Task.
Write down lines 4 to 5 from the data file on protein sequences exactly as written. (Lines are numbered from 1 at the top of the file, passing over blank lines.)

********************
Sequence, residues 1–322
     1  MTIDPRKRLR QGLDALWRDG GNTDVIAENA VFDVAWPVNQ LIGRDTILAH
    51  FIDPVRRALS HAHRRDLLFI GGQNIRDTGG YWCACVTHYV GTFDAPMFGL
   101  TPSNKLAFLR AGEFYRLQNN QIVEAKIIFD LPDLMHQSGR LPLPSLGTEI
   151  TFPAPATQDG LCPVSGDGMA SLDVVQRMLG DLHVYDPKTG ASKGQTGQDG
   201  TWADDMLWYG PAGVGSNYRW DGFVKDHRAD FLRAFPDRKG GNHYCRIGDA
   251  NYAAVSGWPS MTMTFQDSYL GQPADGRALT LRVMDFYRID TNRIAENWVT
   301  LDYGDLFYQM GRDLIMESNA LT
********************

   101  TPSNKLAFLR AGEFYRLQNN QIVEAKIIFD LPDLMHQSGR LPLPSLGTEI
   151  TFPAPATQDG LCPVSGDGMA SLDVVQRMLG DLHVYDPKTG ASKGQTGQDG